Fig. 5 is a fragmentary view showing sample cross-sections of conductors which may be used to form the furnace inductor.
In the drawing similar numerals indicate like 40 parts.
' When winding the coils for induction electric furnaces of small size, it was found that the inductor coils giving the best results were composed of a comparatively large number of turns and that the distance from turn to turn or from the top turn to the next lower turn was very little. In these smaller size furnaces no attempt was made to fill out the space left on the ends.
- As furnaces became largerin size and as power supplied to the furnace coils became greater, it was found that fewer turns were required; that the turns instead of being wound of edgewise flattened tubing, should be wound of round or even flatwise wound tubing. This meant that large spaces were left at the ends, where the turns were taken away from the coil proper as shown in Fig. 4b. This situation was met by welding a copper fin onto the top turn so that the effective coil cylinder was complete without empty spaces at the ends. The copper fin was diflicult to make. It had to be heavy enough to stand the mechanical stresses of use and to taper from the full coil width where the end turn left the coil to zero width on the other side of the coil. It had to be adapted with saw cuts at regular intervals to break up the eddy current paths.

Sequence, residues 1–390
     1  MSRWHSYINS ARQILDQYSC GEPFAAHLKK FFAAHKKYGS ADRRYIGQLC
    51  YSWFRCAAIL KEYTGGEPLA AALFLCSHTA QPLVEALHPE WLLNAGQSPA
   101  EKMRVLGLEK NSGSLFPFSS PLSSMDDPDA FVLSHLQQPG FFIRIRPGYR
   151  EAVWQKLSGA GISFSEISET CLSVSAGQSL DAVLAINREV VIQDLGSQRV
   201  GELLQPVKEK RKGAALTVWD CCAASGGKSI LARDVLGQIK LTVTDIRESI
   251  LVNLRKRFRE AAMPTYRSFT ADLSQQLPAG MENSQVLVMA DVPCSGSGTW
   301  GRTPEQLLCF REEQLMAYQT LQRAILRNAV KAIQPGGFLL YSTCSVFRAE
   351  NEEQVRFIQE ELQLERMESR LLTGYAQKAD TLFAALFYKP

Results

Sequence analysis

In addition to leaving spaces at the coil ends the heavier flatwise wound tubing is more diflicult to wind and to twist into the necessary helix.
In my invention, I propose to form the coil of a number of circular rings, 1, 2, 3, etc., each ring to be formed and placed in a plane surface, split at one point and connected to the adjacent ring by a shhrt connector, 4, 5, 6, etc., cut and welded to fit, or by offsetting the tubing by bending it mechanically to give the same effect. The coil may. be tubular or solid as in Fig. 5, without defeating my purpose. The connecting strap or tube may make a small angle with the plane of the ring, as shown in Fig. 1b; it may drop abruptly as shown in Fig. 2, or it may extend outside the surface of the coil cylinder as in Figs. 3a and 3b. In all cases the space left at the coil ends is small or negligible and no addition of foreign parts or fins is necessary.